Reflections on Variety in Chemistry Education/Physics Higher Education Conference 2017

This year’s conference started on Thursday 24th August 2017. I did not attend the lab events on Wednesday because I think a 2-day conference is sufficient – I get seriously ‘conferenced out’ after a while and I’d rather focus on the talks. I did arrange to arrive in time for Wednesday dinner so as to avoid early trains and a very long day by arriving on Thursday.

This was also the first time I attended a conference seriously aware that I had limited energy and that I needed to take care not to over do things. There were a few challenges in that regard, simple things like getting between venues, accommodation, dining rooms, and bus stops was harder, as was standing for several hours in a poster session. It’s quite eye opening when you notice that you struggle to do things you previously took for granted. The only advice I have for people organising conferences, is to be really explicit in delegate information before arrival about distances between things, requirements to take buses, and to give serious thought to how much seating is available during sessions such as posters and lunches.

I enjoyed many of the sessions, and a lot of the talks. I found several talks highly frustrating, particularly those that could easily play into the unconscious bias held by many. These included the keynote on gender differences in the physics force concept inventory, and the closing keynote on perspectives either side of A-level/university chemistry teaching. Here’s the thing: unconscious bias afflicts us all both as recipients and as people who hold them. One particularly insidious one is the bias that those who teach in HE often have towards those who teach in secondary.I’ve heard a lot of academics disparage teachers of chemistry at A-level, particularly around ‘teaching to the test’.  I do not doubt that many HE teachers view incoming students through a deficit lens – they focus on what the students can’t do rather than respecting the enormous hard work and effort and learning that has taken place in secondary (and further education). And let’s be clear, I don’t mean all HE teachers but I’d rather focus on what our incoming students can do and acknowledge the diversity inherent in the secondary and further education sectors, and the enormous pressure on both teachers and students. I disliked that the keynote could feed those attitudes by drawing greater attention to the issues.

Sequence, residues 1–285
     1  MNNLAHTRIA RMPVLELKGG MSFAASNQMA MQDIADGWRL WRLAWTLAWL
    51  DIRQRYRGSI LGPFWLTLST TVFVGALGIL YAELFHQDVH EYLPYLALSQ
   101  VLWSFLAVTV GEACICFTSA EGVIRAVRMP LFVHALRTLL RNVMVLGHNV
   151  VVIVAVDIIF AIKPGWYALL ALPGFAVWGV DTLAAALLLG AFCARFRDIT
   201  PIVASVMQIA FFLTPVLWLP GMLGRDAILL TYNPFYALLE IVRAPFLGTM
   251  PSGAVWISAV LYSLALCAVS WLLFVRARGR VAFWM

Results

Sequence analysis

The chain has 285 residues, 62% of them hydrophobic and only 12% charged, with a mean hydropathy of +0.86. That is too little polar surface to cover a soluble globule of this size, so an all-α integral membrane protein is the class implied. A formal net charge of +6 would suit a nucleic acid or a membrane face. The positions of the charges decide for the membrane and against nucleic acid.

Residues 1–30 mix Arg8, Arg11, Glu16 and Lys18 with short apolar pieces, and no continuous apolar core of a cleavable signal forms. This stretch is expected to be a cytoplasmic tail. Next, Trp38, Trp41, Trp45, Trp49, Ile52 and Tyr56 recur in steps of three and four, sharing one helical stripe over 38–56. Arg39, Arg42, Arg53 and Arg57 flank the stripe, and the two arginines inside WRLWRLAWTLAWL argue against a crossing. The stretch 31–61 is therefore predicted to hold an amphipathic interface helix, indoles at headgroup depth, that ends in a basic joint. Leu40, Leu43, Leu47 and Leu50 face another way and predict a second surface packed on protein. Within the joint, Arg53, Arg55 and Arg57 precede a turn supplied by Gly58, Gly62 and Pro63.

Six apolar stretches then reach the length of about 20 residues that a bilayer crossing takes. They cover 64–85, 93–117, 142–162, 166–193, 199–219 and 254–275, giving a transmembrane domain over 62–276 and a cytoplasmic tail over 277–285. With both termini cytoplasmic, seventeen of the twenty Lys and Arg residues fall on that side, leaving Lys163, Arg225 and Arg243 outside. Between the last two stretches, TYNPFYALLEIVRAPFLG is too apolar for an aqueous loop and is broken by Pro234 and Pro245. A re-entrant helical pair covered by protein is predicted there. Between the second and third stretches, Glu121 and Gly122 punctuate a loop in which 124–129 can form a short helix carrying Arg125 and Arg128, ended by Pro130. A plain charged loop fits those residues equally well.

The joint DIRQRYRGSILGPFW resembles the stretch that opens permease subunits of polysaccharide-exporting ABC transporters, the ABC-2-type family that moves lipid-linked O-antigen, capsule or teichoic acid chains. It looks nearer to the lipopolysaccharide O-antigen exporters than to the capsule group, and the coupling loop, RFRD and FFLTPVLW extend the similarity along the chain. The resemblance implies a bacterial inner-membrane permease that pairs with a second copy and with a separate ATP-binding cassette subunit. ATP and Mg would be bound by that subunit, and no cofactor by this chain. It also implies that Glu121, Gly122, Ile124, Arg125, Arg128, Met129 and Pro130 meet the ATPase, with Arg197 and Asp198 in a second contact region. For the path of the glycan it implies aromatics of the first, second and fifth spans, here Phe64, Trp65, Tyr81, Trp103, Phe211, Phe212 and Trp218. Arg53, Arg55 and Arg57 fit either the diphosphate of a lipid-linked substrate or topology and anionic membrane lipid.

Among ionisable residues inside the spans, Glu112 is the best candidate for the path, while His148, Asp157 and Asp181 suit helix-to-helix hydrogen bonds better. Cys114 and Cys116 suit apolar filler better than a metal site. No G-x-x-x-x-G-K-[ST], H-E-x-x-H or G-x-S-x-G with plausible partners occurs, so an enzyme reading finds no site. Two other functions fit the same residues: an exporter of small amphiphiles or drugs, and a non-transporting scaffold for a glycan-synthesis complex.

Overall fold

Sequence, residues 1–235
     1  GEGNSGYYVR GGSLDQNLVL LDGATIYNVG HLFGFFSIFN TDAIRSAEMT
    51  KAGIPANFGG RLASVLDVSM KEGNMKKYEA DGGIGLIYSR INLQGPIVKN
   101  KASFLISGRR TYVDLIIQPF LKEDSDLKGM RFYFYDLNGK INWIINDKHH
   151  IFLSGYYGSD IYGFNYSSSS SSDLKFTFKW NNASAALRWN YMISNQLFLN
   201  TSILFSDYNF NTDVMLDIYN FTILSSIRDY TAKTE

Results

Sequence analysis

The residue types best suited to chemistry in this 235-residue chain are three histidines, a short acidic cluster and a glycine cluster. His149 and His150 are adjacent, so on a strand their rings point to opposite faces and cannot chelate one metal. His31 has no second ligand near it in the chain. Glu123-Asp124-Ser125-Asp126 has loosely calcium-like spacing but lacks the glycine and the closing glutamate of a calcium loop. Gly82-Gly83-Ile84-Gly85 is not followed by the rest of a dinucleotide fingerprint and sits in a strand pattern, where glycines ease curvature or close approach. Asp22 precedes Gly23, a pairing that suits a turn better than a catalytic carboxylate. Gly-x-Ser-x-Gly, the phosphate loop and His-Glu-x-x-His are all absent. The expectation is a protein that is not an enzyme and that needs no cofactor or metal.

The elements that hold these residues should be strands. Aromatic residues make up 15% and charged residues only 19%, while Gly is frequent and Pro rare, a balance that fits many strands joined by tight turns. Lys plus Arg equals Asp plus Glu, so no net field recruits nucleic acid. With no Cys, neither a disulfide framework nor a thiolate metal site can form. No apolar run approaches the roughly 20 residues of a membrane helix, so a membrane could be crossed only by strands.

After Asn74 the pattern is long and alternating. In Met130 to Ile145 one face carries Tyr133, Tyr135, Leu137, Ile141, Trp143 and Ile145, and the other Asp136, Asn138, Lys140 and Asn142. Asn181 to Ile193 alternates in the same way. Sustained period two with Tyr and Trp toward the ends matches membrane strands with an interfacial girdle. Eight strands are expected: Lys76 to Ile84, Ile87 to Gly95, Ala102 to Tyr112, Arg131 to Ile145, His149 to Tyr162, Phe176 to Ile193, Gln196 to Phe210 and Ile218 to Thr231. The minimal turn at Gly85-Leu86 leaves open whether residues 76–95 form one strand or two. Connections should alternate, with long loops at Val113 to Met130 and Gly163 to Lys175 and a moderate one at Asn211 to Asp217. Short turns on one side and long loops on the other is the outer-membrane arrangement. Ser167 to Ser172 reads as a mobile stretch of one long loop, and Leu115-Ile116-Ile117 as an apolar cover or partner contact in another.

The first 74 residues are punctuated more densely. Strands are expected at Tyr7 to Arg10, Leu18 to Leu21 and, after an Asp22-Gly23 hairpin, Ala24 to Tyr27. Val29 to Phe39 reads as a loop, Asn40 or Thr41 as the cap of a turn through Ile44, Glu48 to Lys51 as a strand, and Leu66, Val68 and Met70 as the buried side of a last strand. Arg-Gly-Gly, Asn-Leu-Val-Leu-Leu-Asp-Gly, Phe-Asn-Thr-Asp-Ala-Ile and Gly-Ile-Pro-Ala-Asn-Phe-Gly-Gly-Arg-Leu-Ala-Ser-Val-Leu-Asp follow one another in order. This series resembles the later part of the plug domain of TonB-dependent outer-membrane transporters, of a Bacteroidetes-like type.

My (annual?) issue with the gender thing. Males and females performed differently on a test that was developed to see how much students understand about some physics stuff. It wasn’t designed to investigate gender, and if it shows a difference in male/female performance, we should absolutely investigate and be concerned. But we have to be really careful how we do this and make sure that we’re using the right research tools and asking the right research questions. We also have to be really careful to explore gender sensitively which means considering all aspects of gender, rather than treating it as a male/female binary.


Moving on from that, there was an interesting talk on teaching tips for making a more inclusive teaching environment. I think that’s something we all need a reminder of from time to time but I would have liked a few more concrete suggestions on things that work. PDF format is variable and not all versions work for screenreaders…OK then, which way of generating a PDF is best? That sort of thing. And it would be really good to share ideas about how to convince all those who teach in HE to adopt practices that make teaching as inclusive as possible.

The poster session didn’t really work for me – there were two rooms, with many of those in the first room unaware of the second room. There were also very few seats and that made it very very tiring. I had several very good discussions with people over my posters but never really made it round them all. Fortunately the majority of the posters were shared electronically beforehand and this allowed me to review them at my own pace. There were still lots of people I wanted to talk to in the poster session but I never found them – and by the time lunch was served, I was out of energy.